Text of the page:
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Weight-loss Surgery Averts liver damage
- Updated: May 6, 2014
A recent research reveals in Chicago at a Digestive Disease Week that bariatric surgery has the ability to assist patients in losing weight. This may also show tremendous improvements in nonalcoholic fatty liver disease.
Researchers from University of South Florida observed that bariatric surgery settled liver inflammation and also set right the early stages of liver fibrosis that scars and thickens liver tissues. This is done by decreasing the fat deposits present in the liver.
Findings indicate clearly that considering bariatric surgery is a must to cure nonalcoholic fatty liver disease that is seen in obese patients, said Professor of surgery and Tampa General Hospital director, lead researcher of the study, Michel Murr, MD and USF Health Bariatric Center.
Researchers arrived at this conclusion after comparing 152 patients with liver biopsies. They did at the time of the bariatric procedure and the second on an average of 29 months gap. The post-operative biopsies showed that the fat deposits were 70% on the liver of patients. Nearly 74% patients were resolved from lobular inflammation, while 32% patients from chronic portal inflammation and 88% from steatohepatitis.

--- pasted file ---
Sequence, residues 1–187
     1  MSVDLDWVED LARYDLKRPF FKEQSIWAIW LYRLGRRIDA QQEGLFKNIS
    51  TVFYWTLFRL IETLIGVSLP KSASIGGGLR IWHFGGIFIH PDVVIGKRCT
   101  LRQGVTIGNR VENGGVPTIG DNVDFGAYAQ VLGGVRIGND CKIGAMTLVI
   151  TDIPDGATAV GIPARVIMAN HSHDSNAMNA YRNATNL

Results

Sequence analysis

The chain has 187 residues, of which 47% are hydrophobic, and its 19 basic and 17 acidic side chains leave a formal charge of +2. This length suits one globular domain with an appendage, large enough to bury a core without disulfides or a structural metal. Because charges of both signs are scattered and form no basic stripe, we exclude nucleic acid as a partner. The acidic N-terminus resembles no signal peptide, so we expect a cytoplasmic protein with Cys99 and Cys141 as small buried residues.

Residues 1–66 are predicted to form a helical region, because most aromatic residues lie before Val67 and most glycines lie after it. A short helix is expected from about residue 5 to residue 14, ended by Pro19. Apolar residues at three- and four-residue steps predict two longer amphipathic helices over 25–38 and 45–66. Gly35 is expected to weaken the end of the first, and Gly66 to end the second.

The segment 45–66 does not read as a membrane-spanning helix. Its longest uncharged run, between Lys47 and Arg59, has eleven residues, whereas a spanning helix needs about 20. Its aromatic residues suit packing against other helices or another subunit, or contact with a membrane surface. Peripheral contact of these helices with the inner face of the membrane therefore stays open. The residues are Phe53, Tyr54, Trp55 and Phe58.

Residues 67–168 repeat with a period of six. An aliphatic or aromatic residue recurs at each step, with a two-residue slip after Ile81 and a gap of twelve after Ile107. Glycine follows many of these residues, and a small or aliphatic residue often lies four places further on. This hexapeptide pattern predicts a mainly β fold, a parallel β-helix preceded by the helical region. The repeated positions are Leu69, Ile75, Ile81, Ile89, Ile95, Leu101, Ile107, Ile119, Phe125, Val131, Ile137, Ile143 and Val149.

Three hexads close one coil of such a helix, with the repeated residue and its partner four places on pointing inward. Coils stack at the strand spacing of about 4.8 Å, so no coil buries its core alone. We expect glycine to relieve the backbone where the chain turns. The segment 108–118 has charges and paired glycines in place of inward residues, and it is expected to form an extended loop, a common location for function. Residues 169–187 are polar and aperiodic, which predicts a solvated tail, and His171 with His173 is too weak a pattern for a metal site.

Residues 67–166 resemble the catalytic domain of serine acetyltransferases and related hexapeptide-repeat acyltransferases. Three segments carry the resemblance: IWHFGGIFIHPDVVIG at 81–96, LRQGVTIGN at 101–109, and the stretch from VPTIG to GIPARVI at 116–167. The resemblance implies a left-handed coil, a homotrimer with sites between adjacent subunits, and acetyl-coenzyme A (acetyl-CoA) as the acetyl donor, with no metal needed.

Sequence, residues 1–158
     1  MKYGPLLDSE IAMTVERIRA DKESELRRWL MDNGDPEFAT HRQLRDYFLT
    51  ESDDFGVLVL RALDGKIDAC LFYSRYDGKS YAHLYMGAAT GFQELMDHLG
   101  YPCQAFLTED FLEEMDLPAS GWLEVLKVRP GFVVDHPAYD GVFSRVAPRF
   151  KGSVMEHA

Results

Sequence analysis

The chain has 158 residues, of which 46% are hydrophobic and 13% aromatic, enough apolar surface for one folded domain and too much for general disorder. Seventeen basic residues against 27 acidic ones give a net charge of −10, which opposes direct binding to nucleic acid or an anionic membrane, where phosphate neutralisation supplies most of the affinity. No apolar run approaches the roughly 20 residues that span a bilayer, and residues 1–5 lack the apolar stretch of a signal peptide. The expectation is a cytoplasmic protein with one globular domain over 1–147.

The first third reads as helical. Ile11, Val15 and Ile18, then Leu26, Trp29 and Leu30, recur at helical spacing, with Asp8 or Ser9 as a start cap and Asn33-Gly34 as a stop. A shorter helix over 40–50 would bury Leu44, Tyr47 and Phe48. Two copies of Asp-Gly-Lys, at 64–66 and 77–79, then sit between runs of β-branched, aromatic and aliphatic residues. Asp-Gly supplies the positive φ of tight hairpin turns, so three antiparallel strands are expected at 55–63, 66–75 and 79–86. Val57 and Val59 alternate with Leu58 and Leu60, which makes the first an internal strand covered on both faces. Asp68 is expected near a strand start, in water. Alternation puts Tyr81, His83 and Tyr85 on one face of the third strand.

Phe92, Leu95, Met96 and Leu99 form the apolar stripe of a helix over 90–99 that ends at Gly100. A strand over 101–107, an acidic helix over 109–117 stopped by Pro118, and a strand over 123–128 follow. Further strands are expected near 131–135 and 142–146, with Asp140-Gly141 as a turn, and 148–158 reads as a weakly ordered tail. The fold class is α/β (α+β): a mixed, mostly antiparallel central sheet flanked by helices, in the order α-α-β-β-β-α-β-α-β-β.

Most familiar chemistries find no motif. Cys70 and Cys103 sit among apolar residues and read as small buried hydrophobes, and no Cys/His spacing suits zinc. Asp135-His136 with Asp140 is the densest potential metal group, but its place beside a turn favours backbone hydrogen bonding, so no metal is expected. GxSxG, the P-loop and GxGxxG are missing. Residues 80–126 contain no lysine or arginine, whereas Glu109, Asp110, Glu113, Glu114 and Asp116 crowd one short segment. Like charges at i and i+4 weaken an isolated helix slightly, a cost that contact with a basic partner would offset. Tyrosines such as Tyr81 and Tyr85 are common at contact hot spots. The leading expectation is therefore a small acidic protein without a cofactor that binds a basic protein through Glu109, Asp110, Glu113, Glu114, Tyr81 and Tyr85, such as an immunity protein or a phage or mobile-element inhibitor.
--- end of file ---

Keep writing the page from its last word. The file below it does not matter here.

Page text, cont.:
The examination of biopsies taken as pre-operative shows patients with liver disease, especially as inflammation of liver and fat deposits can lead to cirrhosis and liver fibrosis that may be life-threatening.
The bariatric surgery is found to bring improvement in patients. Adding to this, nearly 62% patients with stage II liver fibrosis, showed amazing improvement and also one among three with cirrhosis patients showed improvement.
Dr. Murr, the professor of surgery, noted that these findings on fibrosis reversal is applicable to early-stage fibrosis only and cannot resolve late-stage liver disease. He also said that the surgery may be considered for patients with >35 BMI (body mass index) or a BMI >40, that is obesity related.